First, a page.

Or Kiki, (from kike, Arabic). See Cataputia.
A gum resin, whose source we are not acquainted with. It has a subacrid resinous taste, and has been supposed an useful resolvent, as well as beneficial in nervous diseases.
Kina, (from the countess of Cinchon). See Cortex Peruvianus.
See Battatas Hispanica.
See China occidentalis.
A dry ulcer.
See Plica polonica.
Pronounced by the English sour krout. See Brassica.
See Cucurbita. Kyna. See Opoponax.
(From labo). Looseness of the teeth.
(From labium, a lift). See Chilon.
Labiales glandulae. The labial glands. The membrane which covers the inside of the lips is a continuation of that on the cheeks, perforated by many small holes, which answer to the same number of small glands. See Winslow's Anatomy.
(From labia, a lip). See Flos labiatus.
(From to lay hold of.) Any forceps.
(From labrum, a lift, and sulcus, a deep sore). A chap in the lip, cheilocace; generally attending swollen lips, and common in scrofula. It usually requires the treatment necessary in that disease; but, as a temporary relief, may be rubbed with the oleum cerae, or with the oleum amygdylarum and spermaceti. This also is the name given to the can-crum oris.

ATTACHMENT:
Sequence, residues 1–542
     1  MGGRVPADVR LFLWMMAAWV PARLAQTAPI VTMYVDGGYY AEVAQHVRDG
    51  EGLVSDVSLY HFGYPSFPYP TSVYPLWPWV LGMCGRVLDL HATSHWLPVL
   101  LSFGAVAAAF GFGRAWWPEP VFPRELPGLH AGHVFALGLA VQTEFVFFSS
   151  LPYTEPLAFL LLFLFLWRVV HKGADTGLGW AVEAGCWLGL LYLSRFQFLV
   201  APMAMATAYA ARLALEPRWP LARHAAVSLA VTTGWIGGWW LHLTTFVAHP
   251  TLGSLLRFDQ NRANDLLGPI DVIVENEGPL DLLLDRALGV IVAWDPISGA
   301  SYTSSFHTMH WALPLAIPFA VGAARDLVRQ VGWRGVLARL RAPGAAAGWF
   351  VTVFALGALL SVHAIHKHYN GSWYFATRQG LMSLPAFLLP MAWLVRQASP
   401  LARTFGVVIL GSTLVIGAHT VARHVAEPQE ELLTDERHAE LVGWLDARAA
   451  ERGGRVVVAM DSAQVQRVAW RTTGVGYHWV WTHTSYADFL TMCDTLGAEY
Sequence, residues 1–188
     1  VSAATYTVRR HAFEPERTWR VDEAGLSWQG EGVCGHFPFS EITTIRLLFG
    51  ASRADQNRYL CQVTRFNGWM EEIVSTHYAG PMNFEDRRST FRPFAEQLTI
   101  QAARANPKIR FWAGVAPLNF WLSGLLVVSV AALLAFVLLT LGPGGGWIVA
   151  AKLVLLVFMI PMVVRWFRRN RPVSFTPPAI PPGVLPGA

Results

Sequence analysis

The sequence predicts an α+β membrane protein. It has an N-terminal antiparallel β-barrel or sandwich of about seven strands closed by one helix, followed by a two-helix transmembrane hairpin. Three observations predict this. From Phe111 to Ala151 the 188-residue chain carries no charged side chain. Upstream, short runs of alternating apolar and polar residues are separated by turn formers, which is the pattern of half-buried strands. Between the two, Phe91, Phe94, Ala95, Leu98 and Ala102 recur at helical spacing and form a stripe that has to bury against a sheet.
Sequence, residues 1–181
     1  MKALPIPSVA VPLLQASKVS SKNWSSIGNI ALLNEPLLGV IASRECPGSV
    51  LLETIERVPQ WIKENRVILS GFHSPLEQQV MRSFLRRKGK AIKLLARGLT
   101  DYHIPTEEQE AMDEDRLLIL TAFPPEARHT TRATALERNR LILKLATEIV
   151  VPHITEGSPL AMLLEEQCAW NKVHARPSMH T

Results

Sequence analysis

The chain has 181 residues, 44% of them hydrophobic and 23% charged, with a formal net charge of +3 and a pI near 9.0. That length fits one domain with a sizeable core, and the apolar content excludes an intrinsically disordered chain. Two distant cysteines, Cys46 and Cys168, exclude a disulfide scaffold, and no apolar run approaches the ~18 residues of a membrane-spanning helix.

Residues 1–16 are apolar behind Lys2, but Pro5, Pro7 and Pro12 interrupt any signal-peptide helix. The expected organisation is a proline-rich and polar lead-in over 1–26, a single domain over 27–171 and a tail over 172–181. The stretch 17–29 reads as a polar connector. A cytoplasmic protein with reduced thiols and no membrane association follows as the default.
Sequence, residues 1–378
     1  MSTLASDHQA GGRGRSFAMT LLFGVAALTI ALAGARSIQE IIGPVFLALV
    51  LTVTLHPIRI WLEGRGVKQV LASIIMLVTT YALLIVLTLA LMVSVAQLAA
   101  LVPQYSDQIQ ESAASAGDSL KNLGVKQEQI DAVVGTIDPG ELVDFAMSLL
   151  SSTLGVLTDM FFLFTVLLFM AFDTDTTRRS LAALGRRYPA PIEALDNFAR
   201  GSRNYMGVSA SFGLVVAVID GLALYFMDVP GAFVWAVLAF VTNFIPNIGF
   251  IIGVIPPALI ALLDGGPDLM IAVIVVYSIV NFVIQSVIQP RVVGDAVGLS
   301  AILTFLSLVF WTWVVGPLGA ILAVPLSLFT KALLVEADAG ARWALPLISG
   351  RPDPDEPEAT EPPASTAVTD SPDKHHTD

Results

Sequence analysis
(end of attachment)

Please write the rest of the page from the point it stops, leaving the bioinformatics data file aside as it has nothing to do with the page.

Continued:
from its power of receiving). See Dexamene.
(From labrum, a lip; so called becauseit grows on the sides of fields). See Bryonia alba.
The second cavity of the ear, fodina, lies in the pars petrosa of the temporal bone, which runs forward and inward. It is an oblong body, divided into three parts, called the vestibulum, the cochlea, and the semicircular canals. The vestibulum (in which the stapes stands) is situated in the middle; the cochlea is the anterior, and lies forward and inward; and the semicircular canals, which compose the posterior part, lie backward and outward. The three parts of the labyrinth are lined by a fine periosteum, which spreads over, and shuts the two fenestra; of the tympanum.